Name one thing that prepared you for being a small business owner

Pat: I’ve always been an entrepreneur. It’s in my blood. When I was in grade school we were running paper routes and I had lawn mowing regulars, show shoveling regulars. My dad was a CPA and he was always making me keep it on paper and keep track of it.

Tyler: Being raised in and around (the family business), it was always gratifying to see what high standards people held dad to. A big part for me is the gratification knowing that we’re putting food and money on the table for 170 families and keeping people employed with a steady paycheck. We’re providing a service in the community that nobody else is. It’s not so much about being my own boss.

What’s your best piece of advice for aspiring entrepreneurs?

Tyler: Surround yourself with good people, and network. We’ve had really good success with our senior management team. We get together once a month and brainstorm new ideas, policies and procedures.

In addition, both dad and I belong to a Do It Best roundtable and that is who we network with outside of the company to get market insights and other relevant news and changes in our industry.

: The cost to grow a business is a huge financial burden and you have to be very, very cautious of the rate you grow. Measure everything — whether it’s a success or failure — and figure out why.

One of the beauties of being an independent is that if something isn’t working, you can decide to change it in a heartbeat. 

building supply store at night
In 2015, Pullman Building Supply relocated to this 120,000-square-foot Home Center that offers flooring, housewares and a full line of work clothing.

What advice do you have for keeping the peace in a family business?

Tyler: Know when to turn it on and when to turn it off. When you're working with family members you have to know when work is work and when is time away. Yes, it’s a family business so to some extent you never are fully “off,” but you have to know when to stop and relax with family … and when you have to be on your game for the business.

What advice do you have for other family businesses making the transition to the next generation of leadership?

Pat: I’ve always belonged to an elite group of Do it Best members and we get together in a roundtable to talk about what’s working and what’s not. A lot of us were either going to have a family member coming in and taking over or looking to the outside to sell, so we put together another group, and a good majority of them were kids of the owners, including Tyler.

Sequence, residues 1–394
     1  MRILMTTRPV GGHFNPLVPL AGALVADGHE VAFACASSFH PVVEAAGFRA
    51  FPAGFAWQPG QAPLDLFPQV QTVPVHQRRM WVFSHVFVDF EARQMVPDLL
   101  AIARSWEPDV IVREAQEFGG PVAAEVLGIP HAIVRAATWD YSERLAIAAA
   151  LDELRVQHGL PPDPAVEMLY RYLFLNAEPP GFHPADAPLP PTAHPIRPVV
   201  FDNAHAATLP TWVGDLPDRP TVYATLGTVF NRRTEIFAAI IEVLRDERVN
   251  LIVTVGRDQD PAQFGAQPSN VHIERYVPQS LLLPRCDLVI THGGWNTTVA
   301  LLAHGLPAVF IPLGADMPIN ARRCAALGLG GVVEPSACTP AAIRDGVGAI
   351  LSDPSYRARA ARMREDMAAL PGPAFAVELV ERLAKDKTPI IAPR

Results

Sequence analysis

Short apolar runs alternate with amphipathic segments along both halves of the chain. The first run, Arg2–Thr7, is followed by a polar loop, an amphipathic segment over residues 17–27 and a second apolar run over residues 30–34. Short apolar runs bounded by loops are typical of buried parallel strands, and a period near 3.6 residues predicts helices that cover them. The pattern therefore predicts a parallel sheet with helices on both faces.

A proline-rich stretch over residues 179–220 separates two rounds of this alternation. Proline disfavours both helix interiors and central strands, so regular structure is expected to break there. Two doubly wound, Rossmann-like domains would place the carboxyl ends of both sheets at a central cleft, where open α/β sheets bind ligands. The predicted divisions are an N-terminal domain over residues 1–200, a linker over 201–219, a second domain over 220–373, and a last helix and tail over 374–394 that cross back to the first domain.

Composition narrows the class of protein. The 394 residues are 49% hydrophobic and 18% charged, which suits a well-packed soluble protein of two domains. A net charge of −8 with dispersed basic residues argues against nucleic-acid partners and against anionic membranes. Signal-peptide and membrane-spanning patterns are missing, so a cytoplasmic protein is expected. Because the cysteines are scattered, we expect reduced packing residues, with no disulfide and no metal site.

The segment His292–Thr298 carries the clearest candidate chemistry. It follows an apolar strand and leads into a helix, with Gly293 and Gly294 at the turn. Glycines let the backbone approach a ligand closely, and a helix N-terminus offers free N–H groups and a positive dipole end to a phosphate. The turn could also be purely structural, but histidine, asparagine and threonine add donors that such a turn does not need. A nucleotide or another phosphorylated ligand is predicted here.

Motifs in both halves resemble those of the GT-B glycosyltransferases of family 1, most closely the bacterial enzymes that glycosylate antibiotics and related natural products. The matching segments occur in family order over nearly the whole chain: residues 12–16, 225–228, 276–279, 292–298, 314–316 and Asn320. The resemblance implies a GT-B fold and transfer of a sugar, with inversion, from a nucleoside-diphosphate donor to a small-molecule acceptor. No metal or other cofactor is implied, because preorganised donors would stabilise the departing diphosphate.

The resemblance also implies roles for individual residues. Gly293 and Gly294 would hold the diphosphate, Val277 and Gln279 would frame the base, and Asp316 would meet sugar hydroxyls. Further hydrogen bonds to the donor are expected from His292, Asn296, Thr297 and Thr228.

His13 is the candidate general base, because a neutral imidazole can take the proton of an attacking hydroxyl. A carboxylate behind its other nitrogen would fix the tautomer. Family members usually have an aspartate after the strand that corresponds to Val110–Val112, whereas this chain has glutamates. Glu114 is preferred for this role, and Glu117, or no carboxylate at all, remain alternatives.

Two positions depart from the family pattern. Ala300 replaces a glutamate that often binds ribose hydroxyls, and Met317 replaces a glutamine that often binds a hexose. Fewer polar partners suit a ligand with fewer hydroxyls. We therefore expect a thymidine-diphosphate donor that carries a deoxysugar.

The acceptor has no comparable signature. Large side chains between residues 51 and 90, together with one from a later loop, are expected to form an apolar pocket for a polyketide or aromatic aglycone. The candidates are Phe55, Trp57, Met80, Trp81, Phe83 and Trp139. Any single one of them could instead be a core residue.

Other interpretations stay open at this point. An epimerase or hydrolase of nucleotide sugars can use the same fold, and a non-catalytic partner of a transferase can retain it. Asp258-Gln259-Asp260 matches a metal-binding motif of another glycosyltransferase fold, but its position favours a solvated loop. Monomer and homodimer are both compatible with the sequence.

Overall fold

Tyler would meet with his group and ask them how their transition was going, then he’d come back and say to me, he’s doing this, how come I’m not? It was a huge help. We got to watch what a lot of other folks were going through, and it gave me a nudge to give Tyler more responsibility.

Are there any challenges to working closely with a sibling in a family business?

Tyler: Katie and I do great together for several reasons, the first being that she and I have clearly defined roles and know how to not step on each other’s toes.

Secondly, Katie came into the business much later than I did and has been learning as she goes, so she has been very understanding of the dynamic of her being "second in command" and growing into her position.

Finally, you have to know when to be brother and sister and when to be business partners, and I feel we do both well. We can joke and laugh together on and off the clock and also be hard on each other when it matters most.

What role has Zions Bank played in your journey?

Pat: We have a good relationship with (our banker) Kelly Robertson. We’ve spent quite a bit of time together he knows and understands our business quite well. At the beginning phases of building our Pullman location, there were a lot of meetings with the bank to go over this process and the expenses, budgets and expectations of sales. Kelly was very, very supportive and helped us with the process of obtaining an SBA 504 loan to finance construction of our Pullman store.

Looking to transition your business to the next generation?

Zions Bank Family Business Services offers specialized education and financial guidance to help you manage growth now and plan for transitions in the future.

Zions Bank also offers online tools for entrepreneurs, including business templates, columns, videos and financial calculators. Our Business Resource Centers in Salt Lake City and Boise, Idaho, provide counseling and training for business owners.

Visit a Zions Bank branch or locate a banker near you to learn more about financing including SBA loans.

Nicola McIntosh is the Social Media manager for Zions Bank.